De fuel cap is under the seat, and on that seat is my tent, sleeping bag, air mattress and a small stool. Tot get some fuel all off that has to come off.

    And usually after being on the road a few days there is always extra stuff forming a pile/stack back there. Bread, sweaters, towels that need to dry, cleaning cloth, etc, etc.

    Eventual the rain starts, and that was a while ago so there is foam splashing all over the Italian roads. I am sliding and skidding over the countless roundabouts.
    I am taking things easy, going almost foot down up the hairpins towards Col di Tenda.


    Like clockwork, when ever I get here I have to wait. I think the maximim time is 20 minutes before the lights go green again, so the 6 minutes I have to wait this round aren't that bad.
    Unfortunately most of those times I get here I have to pee, now is no exception. Bu with this line of waiting people/crowd and just 4 minutes remaining I am holding my breath and pee..(struggling)
    The ride through this tunnel is always a happening, but today it looks and feels different.
    Not because I have to pee, but the road seems to be dry and it looks like there is more light in the tunnel.

    On the other side off the tunnel the rain has stopped, the road still is wet though and the majority off the bikes is going down with both feet on the ground.
    I my self am not really that happy with wet roads, especially with just 12 inch wheels and a front tire that is starting to become a bit worn out. So I am keeping my calm and the throttle almost closed.
    But after a few kilometers the road starts to dry up and I can put down the full 23Bhp and tear up this road..


    Time for something to eat, we had some good pasta left from yesterdays diner so I took a full portion of that with me. Good power and comfort food.

    I keep heading south down the road, until I reach the exit towards Sospel.
    During my last trip I drove this road in the other direction, but coming from this side this is also a great road. Good tarmac with lots off grip and I also prefer to ride uphill. So time to tear up this road, the hair still have to come off this new back tire. A Metzler feelfree (what a name..)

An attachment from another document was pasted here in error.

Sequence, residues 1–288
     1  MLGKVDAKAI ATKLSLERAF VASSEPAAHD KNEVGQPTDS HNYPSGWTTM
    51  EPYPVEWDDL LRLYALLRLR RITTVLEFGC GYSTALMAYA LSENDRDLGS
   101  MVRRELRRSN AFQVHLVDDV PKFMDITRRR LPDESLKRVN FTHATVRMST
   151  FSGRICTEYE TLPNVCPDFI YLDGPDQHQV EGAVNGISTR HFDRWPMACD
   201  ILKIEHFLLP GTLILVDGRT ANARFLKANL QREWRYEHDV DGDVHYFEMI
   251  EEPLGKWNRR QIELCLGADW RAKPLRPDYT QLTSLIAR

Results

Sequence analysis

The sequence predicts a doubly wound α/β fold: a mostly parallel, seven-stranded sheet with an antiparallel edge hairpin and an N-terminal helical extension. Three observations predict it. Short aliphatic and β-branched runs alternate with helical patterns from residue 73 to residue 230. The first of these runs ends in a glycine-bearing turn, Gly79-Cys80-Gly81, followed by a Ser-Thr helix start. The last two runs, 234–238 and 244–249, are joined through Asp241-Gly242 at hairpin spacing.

In Sospel I stop for a nice and cold Cola Bommes style. Stop, order, empty the glass in one go, pay the check, go to the toilet and with in 5 minutes I am back in the saddle.

    De first pass heading north out of Sospel is Colle de Turini. One of my favorites, well the road wasnt all that good 4 years ago when I last was here but it turned out even worse since.
    I'm bouncing up the pass while the temperature rises to a tropical 37 degrees Celsius (100 Fahrenheit). Time to take of this totally black Macna coat with almost no venting options, time to go Italian style.



    The temperature even get's up a bit higher and for a few minutes I see the 38 Celsius on the dash.



    The next pass on the route is du Bonette, through Isola I am heading uphill. There is a lot of traffic on the road, I have to overtake one after the other SUV, not to speak about those stupid camper vans/rv's :p


    Who ever has been here know's these ruin, which there are renovating now, I wonder what they are turning it into.. maybe some sort of awful tourist trap


    Just warm enough for a t-shirt, yep I gotta live up to the scooter prejudice, the flipflops are in the buddyseat.